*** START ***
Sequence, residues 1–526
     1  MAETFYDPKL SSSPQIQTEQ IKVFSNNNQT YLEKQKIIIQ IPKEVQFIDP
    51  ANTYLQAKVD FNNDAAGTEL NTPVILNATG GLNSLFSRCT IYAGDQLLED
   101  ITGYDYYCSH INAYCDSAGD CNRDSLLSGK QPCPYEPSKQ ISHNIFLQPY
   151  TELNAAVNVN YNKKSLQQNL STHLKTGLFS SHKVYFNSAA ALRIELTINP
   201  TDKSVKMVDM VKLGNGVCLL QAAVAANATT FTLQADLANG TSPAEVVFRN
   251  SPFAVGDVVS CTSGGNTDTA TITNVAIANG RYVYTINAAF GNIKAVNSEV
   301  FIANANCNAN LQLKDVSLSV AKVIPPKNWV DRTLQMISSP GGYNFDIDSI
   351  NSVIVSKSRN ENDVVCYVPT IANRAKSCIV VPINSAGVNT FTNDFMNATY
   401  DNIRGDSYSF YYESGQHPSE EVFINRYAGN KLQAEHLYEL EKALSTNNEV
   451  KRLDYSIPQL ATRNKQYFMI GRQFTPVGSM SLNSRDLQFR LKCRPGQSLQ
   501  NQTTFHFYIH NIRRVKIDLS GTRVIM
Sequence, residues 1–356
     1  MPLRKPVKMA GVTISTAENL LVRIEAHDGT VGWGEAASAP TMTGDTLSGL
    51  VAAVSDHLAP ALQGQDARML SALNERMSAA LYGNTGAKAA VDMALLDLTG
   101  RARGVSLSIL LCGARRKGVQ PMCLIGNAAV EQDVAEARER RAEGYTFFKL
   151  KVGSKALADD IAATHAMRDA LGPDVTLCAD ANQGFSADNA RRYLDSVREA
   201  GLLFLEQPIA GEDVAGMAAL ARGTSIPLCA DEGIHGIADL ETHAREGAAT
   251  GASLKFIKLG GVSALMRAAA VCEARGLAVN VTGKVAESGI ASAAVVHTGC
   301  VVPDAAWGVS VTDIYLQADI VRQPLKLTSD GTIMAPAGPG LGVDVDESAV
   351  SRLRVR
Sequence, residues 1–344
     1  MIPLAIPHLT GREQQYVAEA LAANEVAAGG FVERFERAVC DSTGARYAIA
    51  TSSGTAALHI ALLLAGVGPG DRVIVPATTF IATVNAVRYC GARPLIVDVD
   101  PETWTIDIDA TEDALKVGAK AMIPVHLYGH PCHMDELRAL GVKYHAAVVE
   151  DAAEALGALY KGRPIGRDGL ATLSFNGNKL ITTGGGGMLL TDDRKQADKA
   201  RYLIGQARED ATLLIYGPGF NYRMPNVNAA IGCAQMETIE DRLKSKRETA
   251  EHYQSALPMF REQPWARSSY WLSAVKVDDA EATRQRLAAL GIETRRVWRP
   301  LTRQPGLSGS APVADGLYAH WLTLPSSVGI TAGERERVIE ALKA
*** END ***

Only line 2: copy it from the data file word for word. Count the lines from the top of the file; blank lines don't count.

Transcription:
     1  MAETFYDPKL SSSPQIQTEQ IKVFSNNNQT YLEKQKIIIQ IPKEVQFIDP